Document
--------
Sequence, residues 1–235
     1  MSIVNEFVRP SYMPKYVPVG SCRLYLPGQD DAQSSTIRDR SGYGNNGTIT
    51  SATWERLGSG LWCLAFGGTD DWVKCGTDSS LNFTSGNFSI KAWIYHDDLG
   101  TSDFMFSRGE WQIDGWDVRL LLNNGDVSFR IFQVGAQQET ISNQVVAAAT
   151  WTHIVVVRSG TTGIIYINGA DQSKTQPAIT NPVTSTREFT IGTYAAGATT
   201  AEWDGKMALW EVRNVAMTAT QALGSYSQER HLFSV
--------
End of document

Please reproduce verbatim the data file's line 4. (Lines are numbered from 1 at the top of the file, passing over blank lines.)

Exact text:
   101  TSDFMFSRGE WQIDGWDVRL LLNNGDVSFR IFQVGAQQET ISNQVVAAAT